Grave lapses in police functioning

The alleged gang-rape and death of a Dalit teenager from UP’s Hathras district has  turned the spotlight on grave lapses in police functioning.  In Hathras many aspects of the police’s treatment of the victim, her family, media and protesters have been reprehensible.
The suspension of the SP and other police officers there shows that the state itself accepts this. But will their suspension prevent the next Hathras from happening? After all, there are structural flaws in the police that lead to two mutually reinforcing trends: Criminalisation of politics and politicisation of crime. Unless these flaws are addressed, India’s constitutional vision will not materialise for many people. The Hathras episode has, once again, exposed the vulnerable state of women in India, especially those from marginalised social groups, and the challenges in ensuring their safety and obtaining justice.
Justice JS Verma Committee, which recommended amend-ments to the criminal law to provide for quicker trial and enhanced punishment for criminals accused of committing sexual assault against women.  On the positive side, the Criminal Law (Amendment) Act, 2013, amended the Indian Penal Code, Indian Evidence Act, and the Code of Criminal Procedure, 1973, on laws related to sexual offences. But cases such as Hathras are a reminder that ensuring social, institutional and structural changes on the ground will be more difficult than making changes on paper.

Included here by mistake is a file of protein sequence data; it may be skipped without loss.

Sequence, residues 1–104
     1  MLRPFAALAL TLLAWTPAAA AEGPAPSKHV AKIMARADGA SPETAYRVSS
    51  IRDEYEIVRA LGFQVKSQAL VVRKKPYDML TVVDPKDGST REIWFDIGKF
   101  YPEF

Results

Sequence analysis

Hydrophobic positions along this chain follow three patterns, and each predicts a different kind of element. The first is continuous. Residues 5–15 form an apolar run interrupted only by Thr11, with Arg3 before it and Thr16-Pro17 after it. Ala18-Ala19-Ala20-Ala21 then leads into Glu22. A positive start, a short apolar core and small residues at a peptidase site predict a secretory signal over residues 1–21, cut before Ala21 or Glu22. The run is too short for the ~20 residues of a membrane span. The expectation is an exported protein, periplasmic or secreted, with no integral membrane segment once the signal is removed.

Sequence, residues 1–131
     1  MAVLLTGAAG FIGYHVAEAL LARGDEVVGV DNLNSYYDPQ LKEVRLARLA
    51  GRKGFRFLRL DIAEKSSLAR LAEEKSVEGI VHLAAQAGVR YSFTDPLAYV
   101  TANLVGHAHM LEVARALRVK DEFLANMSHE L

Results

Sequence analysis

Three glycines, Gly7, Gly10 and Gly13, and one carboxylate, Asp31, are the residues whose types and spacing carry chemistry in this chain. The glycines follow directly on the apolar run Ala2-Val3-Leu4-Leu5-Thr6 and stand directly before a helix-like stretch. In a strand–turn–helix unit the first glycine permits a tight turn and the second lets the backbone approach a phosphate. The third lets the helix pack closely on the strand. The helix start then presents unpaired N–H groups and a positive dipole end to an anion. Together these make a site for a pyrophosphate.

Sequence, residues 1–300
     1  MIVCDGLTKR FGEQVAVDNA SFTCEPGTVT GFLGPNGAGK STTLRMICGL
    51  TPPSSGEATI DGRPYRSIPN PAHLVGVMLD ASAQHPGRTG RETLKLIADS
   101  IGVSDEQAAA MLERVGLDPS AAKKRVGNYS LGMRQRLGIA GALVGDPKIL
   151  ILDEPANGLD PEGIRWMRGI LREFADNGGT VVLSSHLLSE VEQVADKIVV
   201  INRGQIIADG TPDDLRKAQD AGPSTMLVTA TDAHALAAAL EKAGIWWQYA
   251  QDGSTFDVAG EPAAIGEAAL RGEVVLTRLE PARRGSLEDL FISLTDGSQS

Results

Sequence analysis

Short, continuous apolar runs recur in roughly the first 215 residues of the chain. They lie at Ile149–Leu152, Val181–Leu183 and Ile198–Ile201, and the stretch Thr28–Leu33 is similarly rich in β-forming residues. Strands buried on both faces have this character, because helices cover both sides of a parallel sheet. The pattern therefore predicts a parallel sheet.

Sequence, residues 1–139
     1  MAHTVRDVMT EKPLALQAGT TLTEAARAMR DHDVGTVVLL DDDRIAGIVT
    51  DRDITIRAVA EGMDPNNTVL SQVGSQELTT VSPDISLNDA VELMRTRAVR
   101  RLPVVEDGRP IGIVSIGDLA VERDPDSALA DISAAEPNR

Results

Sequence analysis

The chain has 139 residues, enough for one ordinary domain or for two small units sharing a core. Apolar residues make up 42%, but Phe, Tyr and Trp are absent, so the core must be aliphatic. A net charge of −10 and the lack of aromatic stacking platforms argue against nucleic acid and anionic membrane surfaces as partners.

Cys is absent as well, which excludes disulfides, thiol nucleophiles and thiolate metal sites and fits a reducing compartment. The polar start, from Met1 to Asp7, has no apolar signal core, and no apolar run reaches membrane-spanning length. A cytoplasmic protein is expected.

In recent decades, a middle class has emerged within Dalits, thanks to education and government jobs through the reservation. On the other hand, an underclass has emerged from within upper castes. This segment, simmering with anger, blames Dalits, the Constitution, and Ambedkar as reasons for their fall. Remember at many places in Uttar Pradesh, Ambedkar statues are caged with iron rods.
In the past when ‘caste society’ chased Dalits, the government sheltered them. Today UP CM Adityanath seems to be representing caste society more than representing the government. Caste society and government have dissolved into one, a complete subversion of the electoral mandate.

- Prabhakar Purandare

Other Editorials